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Happy to see Deno get some financial backing!

I've been building my new multiplayer games website [1] with Deno over the last 4 months and apart from some minor growing pains, it's been a joy to use.

The lack of unnecessary package management, and the TypeScript-by-default approach makes Web dev much nicer. We're also using TypeScript on the client-side, relying on VSCode for error reporting. We use sucrase to strip the types just as we're serving the script files, so that there is no extra build time, it feels like TypeScript is Web-native and we can share typed code with the server.

[1] Not yet launched but we ran a preview past weekend with hundreds of players over WebSockets: https://twitter.com/MasterOfTheGrid/status/13757583007179735... - https://sparks.land




https://sparks.land doesn't load properly on mobile (iOS, Firefox)


Ah thanks for the heads up. It requires WebGL 2 which isn't yet in iOS's Web engine I believe? And IIRC all browsers have to use it on iOS. It does work on Android.


No webgl2, but there are a lot of webgl2 extensions supported. The biggest omission for me is not being able to render to float textures. (Although a lot of android devices cant do this either)


Peeking at sparks.land I see that you're serving .ts files, I assume that's what you mean by using sucrase, you're transpiling "live" instead of building/deploying bundles offline?

I notice your script files are all pretty small, have you run into any upper limits on performance or scalability so far with this approach?


Correct! In production we've got Cloudflare in the middle, so we're only using sucrase on-the-fly for each .ts file during development. So far it's unnoticeable in terms of loading times.

> I notice your script files are all pretty small, have you run into any upper limits on performance or scalability so far with this approach?

Not that I can tell. But if we need to, we can always do a minified bundle in production later on. So far it's just nice to not have to even think about it!


Wait, so you're running Sucrase in a Cloudflare Worker?

It compiles, and then caches the output I assume?

That's a really cool use case I hadn't thought of..


Not quite, I'm running Sucrase on my Deno HTTP server: if the extension is ".ts", I put the file through sucrase before serving it as text/javascript. In development, it happens every single time I reload (and it's fast enough that I don't even notice). In production, Cloudflare requests the .ts file from my server once (triggering sucrase), and then caches it.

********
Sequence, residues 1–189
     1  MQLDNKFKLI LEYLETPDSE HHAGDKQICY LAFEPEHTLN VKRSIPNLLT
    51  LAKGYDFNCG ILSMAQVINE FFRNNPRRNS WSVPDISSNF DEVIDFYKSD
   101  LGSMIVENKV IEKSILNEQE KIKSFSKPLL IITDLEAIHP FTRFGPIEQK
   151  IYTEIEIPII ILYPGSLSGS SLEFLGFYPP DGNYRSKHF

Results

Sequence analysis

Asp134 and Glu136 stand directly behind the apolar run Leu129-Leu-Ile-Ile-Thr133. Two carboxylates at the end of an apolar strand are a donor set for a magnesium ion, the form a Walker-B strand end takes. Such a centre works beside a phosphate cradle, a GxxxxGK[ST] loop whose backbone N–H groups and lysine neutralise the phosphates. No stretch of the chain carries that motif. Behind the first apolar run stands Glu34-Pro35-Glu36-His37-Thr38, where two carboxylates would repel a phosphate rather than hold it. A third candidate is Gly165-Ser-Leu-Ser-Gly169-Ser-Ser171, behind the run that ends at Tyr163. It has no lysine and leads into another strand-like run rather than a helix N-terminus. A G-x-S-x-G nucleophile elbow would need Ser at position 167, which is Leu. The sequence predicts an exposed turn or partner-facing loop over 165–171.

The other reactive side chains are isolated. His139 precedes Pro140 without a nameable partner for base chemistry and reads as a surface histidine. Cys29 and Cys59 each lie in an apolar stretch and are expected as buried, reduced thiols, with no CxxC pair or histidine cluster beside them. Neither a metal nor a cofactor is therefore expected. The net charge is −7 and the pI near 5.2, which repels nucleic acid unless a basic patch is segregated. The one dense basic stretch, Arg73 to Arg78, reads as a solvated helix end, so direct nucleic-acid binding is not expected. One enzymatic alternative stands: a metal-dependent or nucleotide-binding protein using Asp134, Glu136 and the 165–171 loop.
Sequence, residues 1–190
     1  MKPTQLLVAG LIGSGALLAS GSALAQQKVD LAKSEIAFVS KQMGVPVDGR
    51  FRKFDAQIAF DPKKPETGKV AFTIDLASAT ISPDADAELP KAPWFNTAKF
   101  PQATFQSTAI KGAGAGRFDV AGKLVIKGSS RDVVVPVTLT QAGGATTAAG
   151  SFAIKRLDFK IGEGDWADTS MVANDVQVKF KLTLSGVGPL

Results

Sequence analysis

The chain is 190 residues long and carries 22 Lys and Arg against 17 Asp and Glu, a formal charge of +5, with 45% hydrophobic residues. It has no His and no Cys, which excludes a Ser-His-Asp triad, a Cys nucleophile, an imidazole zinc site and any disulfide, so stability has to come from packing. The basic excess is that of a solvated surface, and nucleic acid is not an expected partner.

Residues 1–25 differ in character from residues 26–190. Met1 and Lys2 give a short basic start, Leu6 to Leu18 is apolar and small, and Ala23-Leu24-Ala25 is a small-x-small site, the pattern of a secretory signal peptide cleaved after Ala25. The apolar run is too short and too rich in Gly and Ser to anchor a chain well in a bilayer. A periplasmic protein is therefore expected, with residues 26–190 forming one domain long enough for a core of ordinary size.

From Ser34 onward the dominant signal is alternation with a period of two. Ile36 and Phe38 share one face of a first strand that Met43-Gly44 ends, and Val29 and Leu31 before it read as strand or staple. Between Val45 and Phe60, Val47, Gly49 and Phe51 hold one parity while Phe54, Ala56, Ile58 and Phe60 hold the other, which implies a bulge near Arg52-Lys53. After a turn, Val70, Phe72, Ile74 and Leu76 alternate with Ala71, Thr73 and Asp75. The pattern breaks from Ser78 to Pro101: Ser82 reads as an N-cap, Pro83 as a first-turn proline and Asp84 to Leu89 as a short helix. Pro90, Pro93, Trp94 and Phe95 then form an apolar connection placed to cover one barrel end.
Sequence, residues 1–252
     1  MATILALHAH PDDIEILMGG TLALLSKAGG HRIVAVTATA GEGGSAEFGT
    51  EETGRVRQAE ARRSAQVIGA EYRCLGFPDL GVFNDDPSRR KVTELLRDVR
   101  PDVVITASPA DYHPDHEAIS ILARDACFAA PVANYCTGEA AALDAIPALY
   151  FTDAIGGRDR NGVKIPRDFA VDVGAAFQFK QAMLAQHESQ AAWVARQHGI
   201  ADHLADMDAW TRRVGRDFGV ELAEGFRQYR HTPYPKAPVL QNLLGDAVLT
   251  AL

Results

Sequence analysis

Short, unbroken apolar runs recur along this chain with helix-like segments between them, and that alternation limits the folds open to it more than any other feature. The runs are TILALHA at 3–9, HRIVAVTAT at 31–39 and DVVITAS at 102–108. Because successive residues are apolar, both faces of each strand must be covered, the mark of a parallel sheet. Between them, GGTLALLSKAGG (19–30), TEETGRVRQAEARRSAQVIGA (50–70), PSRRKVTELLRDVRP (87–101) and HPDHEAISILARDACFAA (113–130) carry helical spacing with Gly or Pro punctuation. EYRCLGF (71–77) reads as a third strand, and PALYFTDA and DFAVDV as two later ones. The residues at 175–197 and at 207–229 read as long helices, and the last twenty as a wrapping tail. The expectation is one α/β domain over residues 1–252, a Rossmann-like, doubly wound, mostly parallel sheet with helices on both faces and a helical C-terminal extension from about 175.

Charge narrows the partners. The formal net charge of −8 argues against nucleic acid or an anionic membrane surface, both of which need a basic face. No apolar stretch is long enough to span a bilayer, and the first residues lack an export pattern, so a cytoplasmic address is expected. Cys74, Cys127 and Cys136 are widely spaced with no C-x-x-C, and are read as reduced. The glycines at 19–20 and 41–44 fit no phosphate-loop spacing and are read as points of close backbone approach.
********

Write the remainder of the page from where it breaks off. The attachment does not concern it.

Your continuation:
Is the VSCode support good? I tried using Deno with WebStorm a few months ago and it wasn't a great experience.


It's getting there! They finished a rewrite of the extension recently and it's quite nice.

If you're on Windows like me, sadly there's still a nasty bug with path mismatches between the LSP server and the VSCode extension (https://github.com/denoland/deno/issues/9744) which requires reloading the window to fix spurious errors, but I'm sure it'll be fixed soon enough.


Jetbrains extension hasn't been updated much since release and doesn't interface with the official LSP. The experience is poor and outdated.

Vscode extension is maintained by the official team and will provide the best experience. There are unofficial plugins for sublime and Vim. They use LSP too and provide a comparable experience.


Hey, the Discord invite link is not active anymore.


Which one? The home page one seems to work for me. Otherwise try: https://sparks.land/discord


Are you running multiple cores/threads of deno? If so how are you holding/communicating state server side?


There's a central Deno server program called the switchboard, which serves static content, runs a small REST API for account management / login, and starts a WebSocket server for game servers to register themselves.

Each game server (a stand-alone Deno program that might or might not run on its own machine) connects to the switchboard over websocket and authenticates itself with an API key (since people will be able to make their own game servers).

When a player wants to join a server, they POST a request to the switchboard, which gives them back a token that they can send to the game server after establishing a WebSocket connection to it. The game server checks the token with the switchboard and gets back public user account info if it's valid.

Each game server's logic is currently single-threaded. I guess we might end up offloading some work to WebWorkers later on.

A server can publish some state info through the switchboard that will be broadcasted to other servers from the same user. This is used to show player counts in game rooms from a lobby, things like that.

I run the whole thing on a couple cheap Scaleway servers, with Cloudflare in front (no AWS nor containers or anything of the sort). My previous platform, built with Node.js (https://jklm.fun) is able to sustain at least 2000 concurrent players like that, though admittedly those are board-like games which are not very demanding, unlike the games for Sparks.land which will be more fully-fledged... so we'll see how that holds up!


Thanks I run something similar that can only really do 300 players before it starts to lag badly but TBH needs to be rewritten as its all single threaded and 1 process controls the lobby, every game, all chats, etc. Don't do what I did -_-


Haha I feel your pain, I did the same initially, took a few rewrites over the years to get to something I'm happy with and runs well.


For completeness, you should check out Elixir and Phoenix (channels and presence) for the server. Easy websockets, isolated player processes, non-blocking VM, plus deep introspection for debugging issues. https://youtu.be/JvBT4XBdoUE. We see more and more indie games being built with Phoenix LiveView.




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